When it comes to real estate, sometimes it’s easy to become fixated on the details of the current news. It doesn’t help that news reports are often carry exaggerated headlines that are created to sell more papers and more advertisements. We forget that news reports are generally reactive rather than proactive. It’s very easy to buy into the herd mentality, and get over-elated in the good times and stricken with fear and anxiety in the bad times. But there are always good times and bad times, especially in the real estate markets. The San Diego real estate market is no exception.
Experienced real estate investors and savvy home buyers have always known that real estate moves in cycles. There are ups and downs in the real estate markets, just like in the stock market or any other. In the long run, home values appreciate at about 4.5% annually. But unlike most stock investors, most home buyers enjoy much greater returns due to the fact that most home purchases are highly leveraged investments. Very few people pay in cash. So if a home buyer puts a 20% down payment on a house that costs $100,000, and the house appreciates by 4.5%, then the return on the initial investment is 4.5% x $100,000 = $4,500 / $20,000 = 22.5%. The percentages are the same for any purchase price. And unlike stock purchases, home owners also enjoy the benefits of living in their investments. You can’t live, eat, and sleep in a stock certificate. Buying a home will always be a great investment in the long term.
But when it comes to choosing the best time to buy or sell a home, clearly some times are better than others. Putting the numbers aside, one of the best ways to determine when to buy or sell real estate is to look at the stage of the market cycle. Intuition alone can be an excellent indicator. Here is a graph that shows the typical real estate investment cycle:
In San Diego, the last really down real estate market was in the early 1990’s when there were problems with the economy, military base closings, and lots of unemployment. Many owners of San Diego homes lost their jobs and had difficulty selling their properties. There was real despondency and depression in 1992 and 1993. During the mid-to-late 1990’s the economy diversified and there was a return to hope and optimism. By 2000 homes in San Diego CA were selling at a rapid clip and excitement was building. People started making serious returns on their real estate investments. Banks started giving 100% financing to just about anyone who wanted to buy a home in San Diego. By 2005 the San Diego housing market had become euphoric, and it seemed like the good times would never end. Even the most sophisticated real estate investors and home buyers seemed to forget that real estate moves in cycles.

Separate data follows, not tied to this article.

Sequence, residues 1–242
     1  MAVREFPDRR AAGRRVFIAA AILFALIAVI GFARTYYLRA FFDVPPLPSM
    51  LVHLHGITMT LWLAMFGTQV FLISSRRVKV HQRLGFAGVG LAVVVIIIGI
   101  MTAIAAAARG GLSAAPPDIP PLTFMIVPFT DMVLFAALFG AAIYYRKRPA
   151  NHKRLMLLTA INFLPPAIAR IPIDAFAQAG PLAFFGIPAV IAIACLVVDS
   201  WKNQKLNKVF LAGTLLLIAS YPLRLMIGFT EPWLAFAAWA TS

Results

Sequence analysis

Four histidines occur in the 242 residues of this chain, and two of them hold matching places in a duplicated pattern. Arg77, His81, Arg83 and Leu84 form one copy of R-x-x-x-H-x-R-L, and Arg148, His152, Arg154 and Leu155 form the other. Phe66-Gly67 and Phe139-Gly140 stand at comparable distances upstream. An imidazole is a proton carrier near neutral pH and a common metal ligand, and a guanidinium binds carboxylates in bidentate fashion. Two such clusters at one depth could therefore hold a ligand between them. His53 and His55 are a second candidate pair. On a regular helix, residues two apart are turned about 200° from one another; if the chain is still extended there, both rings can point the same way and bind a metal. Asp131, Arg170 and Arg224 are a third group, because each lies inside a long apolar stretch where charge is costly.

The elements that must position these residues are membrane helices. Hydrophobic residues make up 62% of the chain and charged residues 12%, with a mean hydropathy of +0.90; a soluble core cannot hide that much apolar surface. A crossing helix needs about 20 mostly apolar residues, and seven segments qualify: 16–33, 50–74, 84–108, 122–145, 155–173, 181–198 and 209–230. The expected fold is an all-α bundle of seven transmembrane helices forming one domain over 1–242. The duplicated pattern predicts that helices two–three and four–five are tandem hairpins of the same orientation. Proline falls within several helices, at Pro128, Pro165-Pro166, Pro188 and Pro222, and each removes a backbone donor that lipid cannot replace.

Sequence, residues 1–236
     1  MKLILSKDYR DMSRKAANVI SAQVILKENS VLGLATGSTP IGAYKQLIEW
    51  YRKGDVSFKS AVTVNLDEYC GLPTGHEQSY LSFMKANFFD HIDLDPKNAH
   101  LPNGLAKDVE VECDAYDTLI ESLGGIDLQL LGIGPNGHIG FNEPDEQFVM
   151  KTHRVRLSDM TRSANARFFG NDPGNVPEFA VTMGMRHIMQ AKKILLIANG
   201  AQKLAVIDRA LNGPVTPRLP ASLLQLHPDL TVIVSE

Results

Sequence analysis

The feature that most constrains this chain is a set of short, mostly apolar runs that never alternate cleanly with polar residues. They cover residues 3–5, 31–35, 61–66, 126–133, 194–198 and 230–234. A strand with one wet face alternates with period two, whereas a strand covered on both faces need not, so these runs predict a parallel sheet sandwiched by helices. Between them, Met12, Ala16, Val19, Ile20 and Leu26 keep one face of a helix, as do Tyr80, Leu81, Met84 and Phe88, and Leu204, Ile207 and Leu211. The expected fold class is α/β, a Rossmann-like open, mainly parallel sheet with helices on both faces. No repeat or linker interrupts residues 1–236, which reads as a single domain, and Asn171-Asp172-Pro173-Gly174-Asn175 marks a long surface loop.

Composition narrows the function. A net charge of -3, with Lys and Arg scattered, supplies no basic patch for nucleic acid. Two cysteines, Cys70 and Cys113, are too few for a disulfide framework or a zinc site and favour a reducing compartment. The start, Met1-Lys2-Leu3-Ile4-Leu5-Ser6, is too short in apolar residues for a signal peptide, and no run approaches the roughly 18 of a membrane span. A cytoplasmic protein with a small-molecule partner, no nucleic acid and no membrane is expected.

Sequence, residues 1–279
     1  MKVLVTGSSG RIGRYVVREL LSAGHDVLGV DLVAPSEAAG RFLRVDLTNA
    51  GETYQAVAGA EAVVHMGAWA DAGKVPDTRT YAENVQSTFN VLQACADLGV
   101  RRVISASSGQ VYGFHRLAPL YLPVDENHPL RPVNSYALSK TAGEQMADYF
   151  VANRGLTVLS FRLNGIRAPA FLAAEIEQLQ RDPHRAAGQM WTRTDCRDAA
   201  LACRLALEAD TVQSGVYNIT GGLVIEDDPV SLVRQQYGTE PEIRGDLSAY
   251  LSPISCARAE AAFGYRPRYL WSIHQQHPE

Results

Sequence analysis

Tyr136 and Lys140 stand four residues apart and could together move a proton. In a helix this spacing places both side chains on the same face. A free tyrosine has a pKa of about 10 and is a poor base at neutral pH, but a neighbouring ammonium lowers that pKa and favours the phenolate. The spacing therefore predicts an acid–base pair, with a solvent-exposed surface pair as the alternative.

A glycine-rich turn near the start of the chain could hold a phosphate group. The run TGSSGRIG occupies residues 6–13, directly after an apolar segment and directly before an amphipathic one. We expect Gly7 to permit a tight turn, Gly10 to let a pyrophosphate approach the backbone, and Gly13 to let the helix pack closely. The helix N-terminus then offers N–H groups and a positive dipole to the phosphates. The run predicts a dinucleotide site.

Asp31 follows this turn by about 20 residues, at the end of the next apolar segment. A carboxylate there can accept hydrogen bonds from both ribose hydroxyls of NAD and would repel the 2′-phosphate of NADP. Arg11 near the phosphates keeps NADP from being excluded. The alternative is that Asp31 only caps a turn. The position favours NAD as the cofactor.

San Diego was one of the first real estate markets to move back into a down cycle. In 2005 and 2006 prices started coming down, but there was general denial that the good times were coming to an end. By 2007 genuine fear had set in. Home buyers and investors stopped buying homes. The local real estate market ground to a halt. The fear turned into panic and thousands of home owners just walked away from their properties, and the foreclosure mess began.
It’s been about two years now, and the panic has subsided to a large degree. House foreclosures and short-sales are still in the works and there is general despondency in a large segment of the population. But we have a new President, and new policies aimed at pulling the country out of a depression. This will probably take time. There are no quick fixes to a bad macro-economic situation.
But where does this leave the San Diego real estate market? Home buyers and investors are again competing for a limited supply of homes. The inventory of homes for sale in San Diego County has dropped to about 8,000 homes, down from around 20,000 in late 2007. At the current sales pace, there is less than a six-month supply of homes for sale, and a 6-month supply is considered a “normal” or “healthy” housing market. Is this a cause for hope? Drop us a comment and let us know what you think.